One thing you won’t have to figure out is how to program the whole thing; the files that you need can be found in a github repository, where they can be downloaded and used to power your bandwidth meter. Combining these resources with a little try-fail-try-again attitude should net you some Arduino success!
Having trouble finding your way around your local steampunk convention? Why not build a compass to help you out? With a wooden box, a bunch of gears, and a classic-looking watch hand, your compass will help you in wayfinding, geocaching, or just looking really cool. By combining an Arduino board with a compass module, a servo, and a few gears, you’ll have yourself a working compass.
As with many of these projects, you’ll need to come up with a wooden case yourself; however, because you only need a hole for the servo to drive the gears, you could probably use a small power drill and an empty box for this one. This is a great first project for steampunk Arduino beginners.
While you might not have steam power anywhere in your house, that doesn’t mean you can’t have a steam gauge! The hand on this gauge is controlled by a small servo, which is in turn controlled by an Arduino. The project itself doesn’t require too many parts—a Bourdon-tube pressure gauge, LEDs, a new gauge face, a servo—but it will take some ingenuity to get it all together.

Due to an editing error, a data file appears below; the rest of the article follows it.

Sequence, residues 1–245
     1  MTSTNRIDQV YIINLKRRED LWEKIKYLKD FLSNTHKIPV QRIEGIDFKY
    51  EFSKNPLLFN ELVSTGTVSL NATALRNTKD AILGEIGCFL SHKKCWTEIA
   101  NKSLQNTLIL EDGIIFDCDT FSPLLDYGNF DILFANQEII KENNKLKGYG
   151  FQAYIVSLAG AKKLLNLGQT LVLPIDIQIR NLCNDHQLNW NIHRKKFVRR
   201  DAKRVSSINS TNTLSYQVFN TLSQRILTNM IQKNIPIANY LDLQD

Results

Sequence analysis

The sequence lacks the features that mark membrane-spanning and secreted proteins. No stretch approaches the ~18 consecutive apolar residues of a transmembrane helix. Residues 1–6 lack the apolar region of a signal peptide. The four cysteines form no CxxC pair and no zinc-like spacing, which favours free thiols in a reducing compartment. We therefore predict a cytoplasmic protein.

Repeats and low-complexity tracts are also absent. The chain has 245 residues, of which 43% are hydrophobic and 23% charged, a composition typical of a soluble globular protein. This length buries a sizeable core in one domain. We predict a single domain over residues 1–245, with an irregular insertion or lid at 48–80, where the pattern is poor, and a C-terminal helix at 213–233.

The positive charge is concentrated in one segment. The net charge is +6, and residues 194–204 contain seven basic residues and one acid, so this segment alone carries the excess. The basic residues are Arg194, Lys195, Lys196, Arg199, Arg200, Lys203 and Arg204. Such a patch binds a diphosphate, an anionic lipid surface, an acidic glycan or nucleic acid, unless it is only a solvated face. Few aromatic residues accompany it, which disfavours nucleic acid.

This is especially the case if you’d like to mount it on your wall. If you spend some time on this project, though, you’ll have a really cool, ultra-steampunk gauge that looks like it’s measuring the steam power of your house. All in all, it’s a surprisingly simple project, and probably suited to advanced Arduino beginners.
Want more accuracy than the steampunk compass can give you? This GPS will show your current latitude and longitude, let you input coordinates for a target, beep to tell you how close you are to the target, and show you the angle to your destination. In short, it’s a perfect device for steampunk geocaching .
Another project with less-than-ideal instructions, this post only gives a rough idea of how to create the GPS. A GPS module, analog dials, switches, a beeper, a display, and a LiPo charger will be needed for this one. Fortunately, the Arduino code required is linked from the post, so between the images on the page and the necessary code, you should be able to figure out what you need to do.
Share Your Favorite Steampunk Creations
These Arduino-powered steampunk devices are great for people decorating with a steampunk aesthetic, getting into steampunk cosplay, or going to a steampunk convention. But there are a lot more potential uses of an Arduino in building steampunk-inspired devices. What else have you seen out there? What would you like to try to build? Share your thoughts below!
Image Credits:Industrial dark metal by donatas1205 via Shutterstock